“For where two or three are gathered in my name, there am I among them.”
We usually reference this passage to help define what qualifies as “church.” Whether it’s a large congregation or small, or even a cozy get-together with a few other believers, we can say that we’re “doing church” as long as we have at least two or three. (As if God can’t be bothered with an audience of one.) I don’t think that’s the significance of what’s being said here.
If you look at the chapter that it’s nested in, the surrounding topics also have to do with the church, but specifically with handling the negative things that can pop up from time to time. Look at some of the other items covered in the verses just before and after:
- an argument among the disciples over who will be the greatest of them once they get to heaven (vv1-5)
- the seriousness of guiding and protecting the faith of young children (vv5-6 “whoever causes one of these little ones to sin…”)
- the lengths we should go to in avoiding sin (vv7-9 “if your eye causes you to sin, pluck it out”)
- God’s tender spot for the lost (vv10-14 leaving the 99 to find one lost sheep)
- how to handle a grievance with another believer (vv15-20 “If he doesn’t listen, take one or two others with you”)
- the appropriateness of forgiving those who wrong us (vv21-35 the parable of the unforgiving servant)
This short verse is more than a required headcount before God will grace us with His presence (which is bad theology anyways). It’s part of a chapter focused on one of the biggest reasons that God created the church for us in the first place – to learn how to grow and love in community.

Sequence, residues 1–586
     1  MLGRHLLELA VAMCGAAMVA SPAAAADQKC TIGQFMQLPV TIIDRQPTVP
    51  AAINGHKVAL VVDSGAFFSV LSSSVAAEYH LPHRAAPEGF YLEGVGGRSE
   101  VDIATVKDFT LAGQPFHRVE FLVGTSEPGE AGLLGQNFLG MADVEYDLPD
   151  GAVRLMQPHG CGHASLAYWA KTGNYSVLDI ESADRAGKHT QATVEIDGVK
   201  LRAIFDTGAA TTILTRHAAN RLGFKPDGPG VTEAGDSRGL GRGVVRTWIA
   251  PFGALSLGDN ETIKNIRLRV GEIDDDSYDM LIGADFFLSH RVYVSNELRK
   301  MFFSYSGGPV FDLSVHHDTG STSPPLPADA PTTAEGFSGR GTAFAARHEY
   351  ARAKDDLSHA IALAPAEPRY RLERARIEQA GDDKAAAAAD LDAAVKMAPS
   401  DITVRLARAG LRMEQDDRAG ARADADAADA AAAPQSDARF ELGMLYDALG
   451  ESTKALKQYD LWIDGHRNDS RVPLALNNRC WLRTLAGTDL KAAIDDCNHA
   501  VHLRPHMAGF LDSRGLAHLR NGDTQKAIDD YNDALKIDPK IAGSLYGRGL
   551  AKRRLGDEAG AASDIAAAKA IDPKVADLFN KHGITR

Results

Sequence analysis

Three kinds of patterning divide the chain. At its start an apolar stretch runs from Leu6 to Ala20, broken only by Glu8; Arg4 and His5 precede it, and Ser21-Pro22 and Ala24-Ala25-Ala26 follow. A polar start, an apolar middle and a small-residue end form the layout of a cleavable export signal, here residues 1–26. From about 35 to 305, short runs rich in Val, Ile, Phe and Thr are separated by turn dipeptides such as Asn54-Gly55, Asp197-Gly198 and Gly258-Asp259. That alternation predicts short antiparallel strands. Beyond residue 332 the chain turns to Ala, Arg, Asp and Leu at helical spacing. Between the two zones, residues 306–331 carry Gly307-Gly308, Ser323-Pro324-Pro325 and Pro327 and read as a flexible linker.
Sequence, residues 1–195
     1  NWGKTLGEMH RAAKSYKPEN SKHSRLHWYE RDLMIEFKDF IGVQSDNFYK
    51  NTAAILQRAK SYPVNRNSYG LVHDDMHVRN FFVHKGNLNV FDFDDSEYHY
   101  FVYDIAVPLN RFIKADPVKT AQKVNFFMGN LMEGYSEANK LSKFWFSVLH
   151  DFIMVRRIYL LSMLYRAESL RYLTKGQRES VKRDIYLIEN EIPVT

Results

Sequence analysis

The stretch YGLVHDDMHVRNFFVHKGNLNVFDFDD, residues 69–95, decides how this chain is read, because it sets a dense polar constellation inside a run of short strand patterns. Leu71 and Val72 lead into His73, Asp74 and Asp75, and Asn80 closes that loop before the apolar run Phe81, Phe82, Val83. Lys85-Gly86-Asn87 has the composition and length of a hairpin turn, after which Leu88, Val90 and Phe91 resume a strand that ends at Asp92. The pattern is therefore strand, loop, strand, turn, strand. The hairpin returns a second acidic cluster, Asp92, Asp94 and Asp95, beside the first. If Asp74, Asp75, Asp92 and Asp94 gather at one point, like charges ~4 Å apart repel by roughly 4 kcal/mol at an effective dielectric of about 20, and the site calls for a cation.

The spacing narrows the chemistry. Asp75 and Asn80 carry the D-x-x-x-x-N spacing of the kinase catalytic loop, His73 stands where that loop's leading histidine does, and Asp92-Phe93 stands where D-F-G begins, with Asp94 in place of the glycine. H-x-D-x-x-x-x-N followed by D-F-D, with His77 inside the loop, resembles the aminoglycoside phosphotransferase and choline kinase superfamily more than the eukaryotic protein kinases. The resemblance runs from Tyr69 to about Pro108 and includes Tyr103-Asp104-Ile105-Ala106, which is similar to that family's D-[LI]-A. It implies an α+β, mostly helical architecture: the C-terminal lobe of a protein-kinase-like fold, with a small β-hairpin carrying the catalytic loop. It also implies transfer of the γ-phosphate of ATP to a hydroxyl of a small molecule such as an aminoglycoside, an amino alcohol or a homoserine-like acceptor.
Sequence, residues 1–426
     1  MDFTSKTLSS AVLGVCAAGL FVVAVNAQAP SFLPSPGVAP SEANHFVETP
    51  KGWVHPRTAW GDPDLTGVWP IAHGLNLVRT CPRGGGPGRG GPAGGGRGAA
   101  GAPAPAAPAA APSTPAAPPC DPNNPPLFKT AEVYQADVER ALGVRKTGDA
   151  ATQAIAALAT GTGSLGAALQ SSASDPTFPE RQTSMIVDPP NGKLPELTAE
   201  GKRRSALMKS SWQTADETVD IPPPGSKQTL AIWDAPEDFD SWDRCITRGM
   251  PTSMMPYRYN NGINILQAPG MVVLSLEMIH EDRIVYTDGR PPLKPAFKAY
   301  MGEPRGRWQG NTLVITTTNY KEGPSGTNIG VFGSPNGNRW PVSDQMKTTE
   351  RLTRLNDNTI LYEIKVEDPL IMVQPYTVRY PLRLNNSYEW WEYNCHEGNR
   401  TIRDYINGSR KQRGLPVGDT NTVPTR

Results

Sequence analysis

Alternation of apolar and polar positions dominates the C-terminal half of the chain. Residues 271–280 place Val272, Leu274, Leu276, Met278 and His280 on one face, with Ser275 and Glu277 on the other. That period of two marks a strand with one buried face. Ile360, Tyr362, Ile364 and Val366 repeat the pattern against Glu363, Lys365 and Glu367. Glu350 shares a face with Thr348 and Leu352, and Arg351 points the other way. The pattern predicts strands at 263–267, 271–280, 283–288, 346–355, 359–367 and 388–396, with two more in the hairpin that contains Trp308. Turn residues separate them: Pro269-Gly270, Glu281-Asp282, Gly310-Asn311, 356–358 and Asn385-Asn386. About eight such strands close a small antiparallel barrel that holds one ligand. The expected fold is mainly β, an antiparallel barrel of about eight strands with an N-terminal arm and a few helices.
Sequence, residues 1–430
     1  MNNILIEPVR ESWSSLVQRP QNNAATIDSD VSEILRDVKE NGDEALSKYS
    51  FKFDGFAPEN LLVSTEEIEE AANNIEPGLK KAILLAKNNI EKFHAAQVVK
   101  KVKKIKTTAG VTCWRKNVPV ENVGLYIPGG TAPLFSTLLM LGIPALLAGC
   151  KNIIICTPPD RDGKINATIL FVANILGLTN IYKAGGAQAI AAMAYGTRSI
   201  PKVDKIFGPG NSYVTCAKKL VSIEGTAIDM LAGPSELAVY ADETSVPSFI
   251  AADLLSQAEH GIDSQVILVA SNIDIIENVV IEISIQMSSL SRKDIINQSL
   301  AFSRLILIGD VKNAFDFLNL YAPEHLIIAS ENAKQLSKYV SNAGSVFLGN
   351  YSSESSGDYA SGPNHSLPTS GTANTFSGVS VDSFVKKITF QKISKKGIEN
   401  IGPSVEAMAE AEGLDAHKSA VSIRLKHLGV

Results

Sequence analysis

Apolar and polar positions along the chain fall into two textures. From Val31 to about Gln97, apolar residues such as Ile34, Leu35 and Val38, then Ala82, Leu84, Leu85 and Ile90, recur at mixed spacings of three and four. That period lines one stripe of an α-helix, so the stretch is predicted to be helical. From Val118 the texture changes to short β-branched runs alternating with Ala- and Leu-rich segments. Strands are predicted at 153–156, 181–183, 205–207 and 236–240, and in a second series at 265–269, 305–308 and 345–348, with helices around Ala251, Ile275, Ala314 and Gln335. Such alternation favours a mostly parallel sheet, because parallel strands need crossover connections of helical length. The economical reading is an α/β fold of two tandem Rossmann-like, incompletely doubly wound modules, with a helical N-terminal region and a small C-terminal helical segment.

People are a mess. They’re jerks. They’re selfish. They’re opinionated and overly sensitive. I ought to know. I are one! Groucho Marx famously said, “I refuse to join any club that would have me for a member.” Scripture is not naive about how difficult and messy community can get, it addresses the ugly we’ve all seen at one point or another. Believers in community should strive to bring up our children in God’s truth and protect them from that which would pull them off the path. It should be an environment where we live purely, and lovingly reach out to the lost. It should be a place of honesty, accountability, humility, and forgiveness.
It would be soooo much easier at times to just stay at home, mind our own business and philosophize on love and theology without actually getting into the challenges that relationships can bring. But when we participate with a family of faith and learn to look out for each other, forgive each other, encourage each other and hold each other accountable – that’s when we have the right to call what we do “church.” And that’s where you’ll find God, right in the middle of it.
While using the HEAR method (see below) consider the following questions:
- How does seeing this passage in light of the surrounding topics change the way you understand it?
- Of the challenges of church mentioned in Matthew 18. which is the most difficult for you?
- Are you an active part of a local group of believers? If not, Belmont would love to be your church!
Highlight – what words or phrases jump out at you?
Explain – what does the passage mean?
Apply – how does the passage intersect with your life today?
Respond – how is God leading you to respond?
Jon Price, Associate Pastor